Why “feel” easy? Because, as you must know, there is no easy and hard. There’s only what you feel is easy and what you interpret as hard.

Now, of course, living in (or participating in)  intentional community isn’t always easy. Like life, living in a small, intentional community is give and take; sweet and sour; hot and cold; easy and hard. It’s our job to be mindful of the balance, no? 

Much of what makes my life feel easier here has to do with living in intentional community. I’m very present to that fact, and thankful for it, because it really counterbalances most of what makes my life seem harder here:

  • Bugs
  • Parasitic bugs that like to live in your hair
  • Critters
  • Poisonous critters
  • Critters that hang out on your ceiling while you’re sleeping
  • Critters that hang out on your porch waiting to bite you
  • Dirt
  • Dirt that somehow ends up in your dryer, despite going through a wash cycle
  • Dirt that won’t come out of your laundry…ever
  • Dust
  • Dust on your window screen, on your floors, car windows
  • Cleaning dust on a tri-weekly basis
  • Being far away from family and friends
  • Being far away from family and friends, and trying to find a good time to Skype with a 7-hour time difference
  • Food
  • Food-centric society
  • Food-centric society that loves the foods my kids are allergic to
  • Food-centric society that isn’t necessarily mindful about how said food leads to rotten teeth, poor behavior, and childhood obesity
  • Crappy appliances
  • Foreign germs
  • Language barriers
  • Bureacracy
  • Crazy drivers
  • And, in a nutshell, a society that cares little for clear order, rules, organization, structure, or advance notice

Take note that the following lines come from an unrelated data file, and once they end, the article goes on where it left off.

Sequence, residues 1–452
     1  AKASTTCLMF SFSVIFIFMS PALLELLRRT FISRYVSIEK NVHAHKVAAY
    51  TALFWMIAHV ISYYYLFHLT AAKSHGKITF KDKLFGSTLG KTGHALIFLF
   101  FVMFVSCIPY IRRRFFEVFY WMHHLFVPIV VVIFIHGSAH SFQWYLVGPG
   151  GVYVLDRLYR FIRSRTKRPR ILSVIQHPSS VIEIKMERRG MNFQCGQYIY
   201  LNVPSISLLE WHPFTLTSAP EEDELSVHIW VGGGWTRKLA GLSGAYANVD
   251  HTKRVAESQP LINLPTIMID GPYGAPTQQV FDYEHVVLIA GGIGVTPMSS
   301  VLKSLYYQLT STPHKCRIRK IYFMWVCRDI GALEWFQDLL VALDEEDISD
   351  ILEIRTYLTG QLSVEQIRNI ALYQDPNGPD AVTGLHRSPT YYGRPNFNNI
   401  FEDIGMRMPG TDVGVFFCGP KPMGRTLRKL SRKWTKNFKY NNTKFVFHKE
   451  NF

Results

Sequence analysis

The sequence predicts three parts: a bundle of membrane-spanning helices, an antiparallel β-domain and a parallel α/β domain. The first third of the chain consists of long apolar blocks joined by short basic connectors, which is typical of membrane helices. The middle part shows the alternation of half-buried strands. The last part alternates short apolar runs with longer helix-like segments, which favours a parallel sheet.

When I get aggravated about, annoyed with, or frustrated by the things that seem to make my life harder here, I try to remind myself of what makes my life feel easier:

  • Intentional community: Neighbors that want to get to know me, and do
  • Family-friendly community (and by community, I mean both specifically the “yishuv” of Hannaton, and Israeli society)
  • The sharing, caring, and intimacy that comes with living in small community
  • Open space
  • Open space filled with children my children’s ages
  • Mild weather
  • The beach
  • Less time in the car (walking the kids to preschool, the bus stop, etc.)
  • Family nearby
  • Shabbat
  • Shabbat dinners at my house (where your kids to entertain mine)
  • Shabbat dinners at your house (where my kids eat your food and you clean up after them)
  • English-speaking co-workers
  • English-speaking neighbors
  • Hebrew-speaking neighbors that are tolerant of my “Heeblish”
  • Minimalistic lifestyle
  • Yoga on my neighbbor’s rooftop

  • Letting go…

The list is much longer than this, I am sure. And could get a lot more detailed and specific. And perhaps it will…